Skip to content


Subversion checkout URL

You can clone with
Download ZIP
A wrapper around the Heroku API for Node.js
JavaScript Shell
Latest commit 4c56609 @dickeyxxx dickeyxxx 2.4.0

heroku-client Build Status

A wrapper around the v3 Heroku API.


$ npm install heroku-client --save


Docs are auto-generated and live in the docs directory.


heroku-client works by providing functions that return proxy objects for interacting with different resources through the Heroku API.

To begin, require the Heroku module and create a client, passing in an API token:

var Heroku = require('heroku-client'),
    heroku = new Heroku({ token: process.env.HEROKU_API_TOKEN });

The simplest example is listing a user's apps. First, we call heroku.apps(), which returns a proxy object to the /apps endpoint, then we call list() to actually perform the API call:

heroku.apps().list(function (err, apps) {
  // `apps` is a parsed JSON response from the API

The advantage of using proxy objects is that they are reusable. Let's get the info for the user's app "my-app", get the dynos for the app, and remove a collaborator:

var app = heroku.apps('my-app'); (err, app) {
  // Details about the `app`

app.dynos().list(function (err, dynos) {
  // List of the app's `dynos`

app.collaborators('').delete(function (err, collaborator) {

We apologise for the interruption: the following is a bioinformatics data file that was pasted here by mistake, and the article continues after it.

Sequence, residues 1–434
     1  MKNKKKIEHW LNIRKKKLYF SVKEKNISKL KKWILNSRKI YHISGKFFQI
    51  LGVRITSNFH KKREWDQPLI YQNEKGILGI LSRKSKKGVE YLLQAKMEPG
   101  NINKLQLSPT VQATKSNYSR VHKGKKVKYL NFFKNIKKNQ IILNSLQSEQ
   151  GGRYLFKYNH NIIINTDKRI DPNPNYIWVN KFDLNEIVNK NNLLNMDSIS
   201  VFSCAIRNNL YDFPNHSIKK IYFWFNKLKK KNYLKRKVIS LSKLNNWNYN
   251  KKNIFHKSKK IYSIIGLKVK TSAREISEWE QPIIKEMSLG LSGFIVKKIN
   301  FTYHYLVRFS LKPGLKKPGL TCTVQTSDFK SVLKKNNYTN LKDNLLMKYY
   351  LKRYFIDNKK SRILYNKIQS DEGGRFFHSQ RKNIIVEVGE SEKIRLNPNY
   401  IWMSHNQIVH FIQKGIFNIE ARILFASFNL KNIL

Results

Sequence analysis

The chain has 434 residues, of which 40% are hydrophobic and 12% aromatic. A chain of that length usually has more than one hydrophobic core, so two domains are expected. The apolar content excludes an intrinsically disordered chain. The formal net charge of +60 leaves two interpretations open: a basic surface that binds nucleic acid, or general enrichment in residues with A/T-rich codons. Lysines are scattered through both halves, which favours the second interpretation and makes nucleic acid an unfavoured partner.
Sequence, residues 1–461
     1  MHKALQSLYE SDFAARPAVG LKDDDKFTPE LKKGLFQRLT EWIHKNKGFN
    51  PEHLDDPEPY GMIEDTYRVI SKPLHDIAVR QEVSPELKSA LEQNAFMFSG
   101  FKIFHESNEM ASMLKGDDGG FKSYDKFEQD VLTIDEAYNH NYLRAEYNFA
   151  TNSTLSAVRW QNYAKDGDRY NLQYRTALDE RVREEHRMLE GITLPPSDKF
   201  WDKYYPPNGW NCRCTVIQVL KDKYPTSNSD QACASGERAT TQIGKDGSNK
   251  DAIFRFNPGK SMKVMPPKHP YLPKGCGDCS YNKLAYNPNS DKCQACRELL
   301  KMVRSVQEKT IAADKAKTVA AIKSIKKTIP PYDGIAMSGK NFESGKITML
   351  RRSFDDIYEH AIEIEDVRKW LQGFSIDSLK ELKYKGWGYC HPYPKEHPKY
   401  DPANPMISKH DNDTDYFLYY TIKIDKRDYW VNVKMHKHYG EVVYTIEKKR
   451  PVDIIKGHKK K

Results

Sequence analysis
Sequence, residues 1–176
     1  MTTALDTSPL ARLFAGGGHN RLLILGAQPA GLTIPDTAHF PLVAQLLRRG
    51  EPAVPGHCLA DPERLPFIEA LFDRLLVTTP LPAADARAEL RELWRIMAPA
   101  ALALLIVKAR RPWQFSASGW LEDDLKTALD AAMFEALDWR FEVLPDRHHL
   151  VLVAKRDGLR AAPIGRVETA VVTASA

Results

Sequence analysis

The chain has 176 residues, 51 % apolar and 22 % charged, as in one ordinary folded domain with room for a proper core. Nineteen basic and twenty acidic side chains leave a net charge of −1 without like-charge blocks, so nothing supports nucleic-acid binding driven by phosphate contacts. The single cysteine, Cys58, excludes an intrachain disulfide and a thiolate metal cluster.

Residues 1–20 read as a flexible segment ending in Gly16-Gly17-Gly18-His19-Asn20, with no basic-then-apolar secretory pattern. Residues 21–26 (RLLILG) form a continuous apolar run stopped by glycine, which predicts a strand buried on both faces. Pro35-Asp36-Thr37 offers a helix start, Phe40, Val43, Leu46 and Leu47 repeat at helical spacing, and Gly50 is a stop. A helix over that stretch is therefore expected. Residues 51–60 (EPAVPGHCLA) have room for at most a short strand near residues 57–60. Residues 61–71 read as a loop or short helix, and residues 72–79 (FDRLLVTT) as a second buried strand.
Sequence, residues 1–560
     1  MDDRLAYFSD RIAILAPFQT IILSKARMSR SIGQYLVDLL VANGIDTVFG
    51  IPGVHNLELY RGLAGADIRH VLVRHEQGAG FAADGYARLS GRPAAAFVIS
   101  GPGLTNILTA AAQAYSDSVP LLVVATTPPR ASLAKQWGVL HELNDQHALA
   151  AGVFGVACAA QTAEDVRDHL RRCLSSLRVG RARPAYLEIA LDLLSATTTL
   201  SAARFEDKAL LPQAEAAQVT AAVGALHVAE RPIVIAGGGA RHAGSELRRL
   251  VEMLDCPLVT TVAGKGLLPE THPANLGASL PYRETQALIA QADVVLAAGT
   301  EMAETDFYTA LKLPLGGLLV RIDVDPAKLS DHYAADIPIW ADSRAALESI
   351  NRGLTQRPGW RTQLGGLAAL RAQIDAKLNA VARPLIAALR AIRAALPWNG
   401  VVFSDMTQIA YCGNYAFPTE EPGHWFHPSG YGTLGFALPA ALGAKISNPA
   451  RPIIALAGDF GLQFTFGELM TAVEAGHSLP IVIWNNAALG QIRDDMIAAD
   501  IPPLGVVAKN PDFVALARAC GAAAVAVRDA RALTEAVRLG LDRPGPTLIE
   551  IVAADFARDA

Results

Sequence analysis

// The `collaborator` has been removed unless `err`

Requests that require a body are easy, as well. Let's add a collaborator to the user's app "another-app":

var app  = heroku.apps('another-app'),
    user = { email: '' };

app.collaborators().create({ user: user }, function (err, collaborator) {
  // `collaborator` is the newly added collaborator unless `err`

Generic Requests

heroku-client has get, post, patch, and delete functions which can make requests with the specified HTTP method to any endpoint:

heroku.get('/apps', function (err, apps) {

// Request body is optional on both `post` and `patch`'/apps', function (err, app) {
});'/apps', { name: 'my-new-app' }, function (err, app) {

heroku.patch('/apps/my-app', { name: 'my-renamed-app' }, function (err, app) {

heroku.delete('/apps/my-old-app', function (err, app) {

There is also an even more generic request function that can accept many more options:

  method: 'GET',
  path: '/apps',
  headers: {
    'Foo': 'Bar'
  parseJSON: false
}, function (err, responseBody) {


heroku-client works with Node-style callbacks, but also implements promises with the Q library.

var q = require('q');

// Fetches dynos for all of my apps.
heroku.apps().list().then(function (apps) {

  return q.all( (app) {
    return heroku.apps(;

}).then(function (dynos) {




It's easy to get heroku-client working with generators. In this example, I'll use the co library to wrap a function that will get the list of all of my apps, and then get the dynos for each of those apps:

let co     = require('co');
let heroku = require('heroku-client');
let hk     = heroku.createClient({ token: process.env.HEROKU_API_KEY });

let main = function* () {
  let apps  = yield hk.apps().list();